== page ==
By John Tveter, Sports Writer

The Pacific Lutheran University Women’s basketball team has a new coach this season and a new attitude as well.

Previous head coach Kelly Robinson resigned this past spring after six seasons leading the Lutes, compiling a 54-93 record, so PLU athletic director Laurie Turner had to look for a new coach for the team.

After a thorough search, Turner decided upon Jennifer Childress, who had previously been an assistant coach, recruiting coordinator and the associate head coach at Western Washington University.

Childress will look to bring a winning attitude and experience to help turn around the PLU program that enjoyed national prominence in the late ’90s and early 2000s. From 1999-2005, the Lutes advanced past the second round of the NCAA DIII tournament five times, but have recently fallen upon tougher times.

The Lutes will be led on the floor by their five seniors, including Chrissy Swope, Melissa Castor and Shelly Kilcup. Kilcup returns to the team after not playing last season. Hopefully Kilcup’s play is similar to her first-year and sophomore seasons when she was among the Northwest Conference leaders in 3-point percentage.

A strength of the team this year should be their frontcourt, which will feature the teams’ other two seniors, Katelyn Smith and Samantha Potter. Potter is a two-time Northwest Conference second-team all-conference player.

Those seniors said they have noticed a big difference between this year and the previous one. “She [Childress] was a necessary change,” Castor said. “She’s brought a new direction to the program and reignited our fire and passion for the game.”

The team has instituted a quicker, hard-nosed style under Childress, and the players are looking forward to getting to test themselves against other schools.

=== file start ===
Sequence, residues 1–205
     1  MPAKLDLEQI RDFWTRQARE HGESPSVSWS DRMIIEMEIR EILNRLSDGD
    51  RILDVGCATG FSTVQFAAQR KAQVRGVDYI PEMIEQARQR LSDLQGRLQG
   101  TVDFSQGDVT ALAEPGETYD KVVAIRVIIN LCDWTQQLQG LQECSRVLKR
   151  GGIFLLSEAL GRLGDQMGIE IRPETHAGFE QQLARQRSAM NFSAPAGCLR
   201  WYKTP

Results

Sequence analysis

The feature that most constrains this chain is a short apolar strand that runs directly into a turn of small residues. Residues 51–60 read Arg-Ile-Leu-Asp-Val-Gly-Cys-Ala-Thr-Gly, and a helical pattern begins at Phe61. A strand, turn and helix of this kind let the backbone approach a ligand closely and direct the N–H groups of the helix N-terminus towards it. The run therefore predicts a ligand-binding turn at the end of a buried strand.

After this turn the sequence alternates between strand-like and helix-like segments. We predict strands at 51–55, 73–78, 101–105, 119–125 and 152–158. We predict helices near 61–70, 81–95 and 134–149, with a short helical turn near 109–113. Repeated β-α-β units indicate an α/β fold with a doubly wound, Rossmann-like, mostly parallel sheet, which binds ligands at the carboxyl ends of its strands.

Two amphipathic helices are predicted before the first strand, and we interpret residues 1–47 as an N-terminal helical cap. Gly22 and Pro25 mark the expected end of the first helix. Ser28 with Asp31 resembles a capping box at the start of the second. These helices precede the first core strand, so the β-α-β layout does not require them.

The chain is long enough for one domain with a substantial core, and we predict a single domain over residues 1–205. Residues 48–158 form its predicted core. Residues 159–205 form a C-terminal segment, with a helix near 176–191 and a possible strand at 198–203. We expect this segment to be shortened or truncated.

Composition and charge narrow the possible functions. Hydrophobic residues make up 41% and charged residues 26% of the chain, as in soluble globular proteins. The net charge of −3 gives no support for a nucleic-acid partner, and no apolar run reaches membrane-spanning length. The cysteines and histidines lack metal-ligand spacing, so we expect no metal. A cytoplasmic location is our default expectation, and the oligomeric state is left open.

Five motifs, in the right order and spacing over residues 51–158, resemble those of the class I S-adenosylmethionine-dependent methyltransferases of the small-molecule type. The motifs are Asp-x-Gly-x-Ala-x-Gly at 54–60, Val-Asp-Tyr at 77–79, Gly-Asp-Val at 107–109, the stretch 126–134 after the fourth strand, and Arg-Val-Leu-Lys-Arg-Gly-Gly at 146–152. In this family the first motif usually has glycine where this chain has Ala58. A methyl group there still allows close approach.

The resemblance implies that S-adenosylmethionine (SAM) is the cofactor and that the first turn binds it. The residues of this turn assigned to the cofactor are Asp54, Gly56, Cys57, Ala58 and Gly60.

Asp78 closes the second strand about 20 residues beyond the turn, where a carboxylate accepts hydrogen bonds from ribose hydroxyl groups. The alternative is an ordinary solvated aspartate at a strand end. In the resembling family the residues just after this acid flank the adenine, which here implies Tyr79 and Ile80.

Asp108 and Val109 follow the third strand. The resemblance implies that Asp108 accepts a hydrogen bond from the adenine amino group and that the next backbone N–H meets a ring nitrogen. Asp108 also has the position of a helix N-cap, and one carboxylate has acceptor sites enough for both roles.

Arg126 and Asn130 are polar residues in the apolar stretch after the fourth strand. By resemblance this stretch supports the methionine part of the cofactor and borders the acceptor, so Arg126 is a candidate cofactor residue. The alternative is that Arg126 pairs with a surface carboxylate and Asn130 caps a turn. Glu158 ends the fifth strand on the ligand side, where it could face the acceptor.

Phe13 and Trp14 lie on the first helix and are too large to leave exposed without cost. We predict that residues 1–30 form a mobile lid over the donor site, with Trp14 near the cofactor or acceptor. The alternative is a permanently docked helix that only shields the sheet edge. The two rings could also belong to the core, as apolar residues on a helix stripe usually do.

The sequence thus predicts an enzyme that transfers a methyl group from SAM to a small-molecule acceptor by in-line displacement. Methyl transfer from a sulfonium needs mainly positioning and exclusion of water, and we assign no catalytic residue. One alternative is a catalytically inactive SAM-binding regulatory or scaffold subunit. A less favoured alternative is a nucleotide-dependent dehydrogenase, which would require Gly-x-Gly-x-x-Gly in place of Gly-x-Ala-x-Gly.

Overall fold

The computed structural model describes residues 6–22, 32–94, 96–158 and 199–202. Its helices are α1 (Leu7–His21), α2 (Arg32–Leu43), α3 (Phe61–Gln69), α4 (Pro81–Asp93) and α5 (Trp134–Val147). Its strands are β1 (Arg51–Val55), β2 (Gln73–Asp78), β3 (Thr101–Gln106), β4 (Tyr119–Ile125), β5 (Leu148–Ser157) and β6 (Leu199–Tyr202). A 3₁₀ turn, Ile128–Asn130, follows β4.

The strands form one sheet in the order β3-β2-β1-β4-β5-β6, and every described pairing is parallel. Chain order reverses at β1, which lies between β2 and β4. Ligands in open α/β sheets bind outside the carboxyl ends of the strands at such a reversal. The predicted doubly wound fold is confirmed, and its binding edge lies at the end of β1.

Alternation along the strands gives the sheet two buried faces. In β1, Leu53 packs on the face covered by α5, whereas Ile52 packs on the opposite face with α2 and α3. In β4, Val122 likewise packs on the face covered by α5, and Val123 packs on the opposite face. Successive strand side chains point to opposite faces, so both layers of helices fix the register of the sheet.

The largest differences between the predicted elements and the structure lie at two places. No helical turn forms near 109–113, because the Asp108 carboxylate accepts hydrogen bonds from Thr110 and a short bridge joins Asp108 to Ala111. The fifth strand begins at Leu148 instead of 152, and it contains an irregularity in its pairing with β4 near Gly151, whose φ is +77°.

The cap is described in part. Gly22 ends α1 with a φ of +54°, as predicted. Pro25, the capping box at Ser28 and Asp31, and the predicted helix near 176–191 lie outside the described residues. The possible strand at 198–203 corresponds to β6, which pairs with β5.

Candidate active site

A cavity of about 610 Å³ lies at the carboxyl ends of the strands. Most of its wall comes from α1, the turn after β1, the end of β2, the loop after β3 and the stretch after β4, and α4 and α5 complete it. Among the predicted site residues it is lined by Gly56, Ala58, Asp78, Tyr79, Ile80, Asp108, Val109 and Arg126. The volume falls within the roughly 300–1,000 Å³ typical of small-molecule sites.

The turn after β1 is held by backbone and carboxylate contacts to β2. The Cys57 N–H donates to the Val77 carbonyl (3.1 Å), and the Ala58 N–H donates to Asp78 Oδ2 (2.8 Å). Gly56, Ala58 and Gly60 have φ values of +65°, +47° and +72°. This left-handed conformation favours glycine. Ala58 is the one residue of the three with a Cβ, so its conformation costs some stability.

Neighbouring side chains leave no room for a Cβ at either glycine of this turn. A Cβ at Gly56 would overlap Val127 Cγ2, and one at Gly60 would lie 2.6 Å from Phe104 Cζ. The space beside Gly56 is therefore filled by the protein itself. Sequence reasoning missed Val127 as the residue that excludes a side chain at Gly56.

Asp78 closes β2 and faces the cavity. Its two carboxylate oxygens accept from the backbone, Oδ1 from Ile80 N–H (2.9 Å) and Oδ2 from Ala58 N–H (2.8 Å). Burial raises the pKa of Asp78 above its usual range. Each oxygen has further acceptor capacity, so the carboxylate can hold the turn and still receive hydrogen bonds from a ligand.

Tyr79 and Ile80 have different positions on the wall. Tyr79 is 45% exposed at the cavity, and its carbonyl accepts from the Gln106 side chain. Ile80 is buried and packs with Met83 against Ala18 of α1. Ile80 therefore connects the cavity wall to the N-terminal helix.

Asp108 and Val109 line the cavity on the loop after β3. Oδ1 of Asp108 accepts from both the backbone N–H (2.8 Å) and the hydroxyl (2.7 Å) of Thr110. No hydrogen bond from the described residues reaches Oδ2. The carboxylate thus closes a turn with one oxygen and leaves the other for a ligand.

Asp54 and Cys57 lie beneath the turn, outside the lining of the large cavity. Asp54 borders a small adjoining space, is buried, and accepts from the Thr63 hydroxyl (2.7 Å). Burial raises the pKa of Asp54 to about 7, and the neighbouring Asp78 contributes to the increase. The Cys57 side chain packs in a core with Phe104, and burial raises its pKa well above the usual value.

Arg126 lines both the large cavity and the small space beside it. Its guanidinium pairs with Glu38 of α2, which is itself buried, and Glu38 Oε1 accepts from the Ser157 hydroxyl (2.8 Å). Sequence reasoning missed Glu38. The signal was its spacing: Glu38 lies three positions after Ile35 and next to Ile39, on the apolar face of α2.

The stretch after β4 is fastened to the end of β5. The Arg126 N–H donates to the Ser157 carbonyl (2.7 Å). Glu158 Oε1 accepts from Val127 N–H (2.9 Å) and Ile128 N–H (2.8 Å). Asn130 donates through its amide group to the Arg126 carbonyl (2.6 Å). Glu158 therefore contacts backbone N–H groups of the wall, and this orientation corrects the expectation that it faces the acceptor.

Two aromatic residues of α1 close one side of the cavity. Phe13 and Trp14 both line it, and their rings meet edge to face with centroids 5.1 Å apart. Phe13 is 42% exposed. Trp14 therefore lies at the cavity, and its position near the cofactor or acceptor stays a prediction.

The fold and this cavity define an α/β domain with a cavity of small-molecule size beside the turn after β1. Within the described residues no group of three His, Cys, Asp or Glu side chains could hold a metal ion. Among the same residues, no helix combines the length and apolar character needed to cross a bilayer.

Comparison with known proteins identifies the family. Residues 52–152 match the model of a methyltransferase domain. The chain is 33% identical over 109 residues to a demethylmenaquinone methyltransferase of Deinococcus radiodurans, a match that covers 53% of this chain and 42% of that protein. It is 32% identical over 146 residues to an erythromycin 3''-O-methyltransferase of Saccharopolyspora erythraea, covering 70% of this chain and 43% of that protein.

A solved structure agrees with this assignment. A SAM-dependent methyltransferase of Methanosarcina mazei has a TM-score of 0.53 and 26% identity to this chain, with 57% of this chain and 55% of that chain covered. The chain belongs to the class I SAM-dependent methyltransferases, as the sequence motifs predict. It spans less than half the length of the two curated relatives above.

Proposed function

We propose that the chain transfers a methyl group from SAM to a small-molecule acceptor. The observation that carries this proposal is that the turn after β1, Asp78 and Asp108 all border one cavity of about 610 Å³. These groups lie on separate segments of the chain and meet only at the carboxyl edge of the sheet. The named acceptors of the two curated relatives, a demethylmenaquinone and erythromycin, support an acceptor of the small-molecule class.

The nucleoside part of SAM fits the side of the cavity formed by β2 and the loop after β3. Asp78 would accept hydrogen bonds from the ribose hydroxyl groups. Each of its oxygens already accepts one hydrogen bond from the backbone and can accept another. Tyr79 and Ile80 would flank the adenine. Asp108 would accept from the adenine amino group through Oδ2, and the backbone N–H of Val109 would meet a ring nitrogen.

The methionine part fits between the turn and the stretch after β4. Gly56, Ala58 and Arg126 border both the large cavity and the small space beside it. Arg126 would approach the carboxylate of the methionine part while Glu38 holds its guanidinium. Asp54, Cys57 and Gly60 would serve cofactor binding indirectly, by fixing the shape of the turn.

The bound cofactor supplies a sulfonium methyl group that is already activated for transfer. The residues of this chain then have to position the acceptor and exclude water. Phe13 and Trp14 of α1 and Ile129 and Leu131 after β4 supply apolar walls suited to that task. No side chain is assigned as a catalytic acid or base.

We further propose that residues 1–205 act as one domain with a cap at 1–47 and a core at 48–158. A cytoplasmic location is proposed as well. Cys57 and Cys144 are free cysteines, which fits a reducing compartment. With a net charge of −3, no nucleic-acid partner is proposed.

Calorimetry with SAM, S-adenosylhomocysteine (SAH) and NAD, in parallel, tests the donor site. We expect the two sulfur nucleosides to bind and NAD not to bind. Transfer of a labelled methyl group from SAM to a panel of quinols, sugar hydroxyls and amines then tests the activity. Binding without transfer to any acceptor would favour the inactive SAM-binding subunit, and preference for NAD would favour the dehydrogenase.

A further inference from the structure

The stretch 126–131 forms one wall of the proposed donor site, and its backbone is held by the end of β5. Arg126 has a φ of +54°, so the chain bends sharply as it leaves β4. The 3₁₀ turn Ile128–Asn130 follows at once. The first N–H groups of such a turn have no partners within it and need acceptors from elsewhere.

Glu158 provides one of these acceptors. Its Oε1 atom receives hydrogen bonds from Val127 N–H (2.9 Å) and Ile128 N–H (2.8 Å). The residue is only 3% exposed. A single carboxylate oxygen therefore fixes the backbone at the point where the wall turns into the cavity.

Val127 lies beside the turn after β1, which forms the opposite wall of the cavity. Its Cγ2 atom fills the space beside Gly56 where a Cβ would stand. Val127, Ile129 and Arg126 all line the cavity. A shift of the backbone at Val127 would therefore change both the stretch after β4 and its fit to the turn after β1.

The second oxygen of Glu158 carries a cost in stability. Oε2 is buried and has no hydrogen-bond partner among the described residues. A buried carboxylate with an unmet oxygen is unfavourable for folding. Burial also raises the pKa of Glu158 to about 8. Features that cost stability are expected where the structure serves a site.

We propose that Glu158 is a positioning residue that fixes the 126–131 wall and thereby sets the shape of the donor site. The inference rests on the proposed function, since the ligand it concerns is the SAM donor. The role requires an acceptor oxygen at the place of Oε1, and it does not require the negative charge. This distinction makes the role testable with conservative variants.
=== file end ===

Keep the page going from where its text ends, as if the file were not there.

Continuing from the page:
“We will be a well-conditioned team with an up-tempo style,” Smith said. “We really have focused on defense and rebounding because those are things we can control, and a motto of ours is to ‘Control the Controllables’ which means that we only worry about what we can change. We will be a completely different team than last year.”

Smith’s sentiments were backed up by Castor, who said, “we are looking to run the other team to exhaustion. We will control the tempo of the game, and therefore we will control the game.”

The style of play adjustment has been reinforced by Childress’ coaching style. Practices now feature rapid transitions from drill to drill, little wasted time and Childress demanding nothing less than each player’s best effort every second they are on the floor.

“There is a purpose to everything we do, and it makes sense,” Smith said. “She [Childress] does a good job of balancing her criticism of our play while keeping us confident in ourselves at the same time. She is very direct, straight to the point and she doesn’t play mind games. I like her and her coaching style, and our hard work will pay off in the end this year.”

The Lutes’ first game resulted in a [win against/loss to] South Puget Sound Community College. They played as hosts in the scrimmage, competing in Olson Auditorium.

This scrimmage was their final tune-up before their season officially kicks off Nov. 15 in Olympia against Evergreen State University.  The Lutes’ first home game is Nov. 21 as they host Claremont Mudd-Scripps from California at 7 p.m. ◼︎

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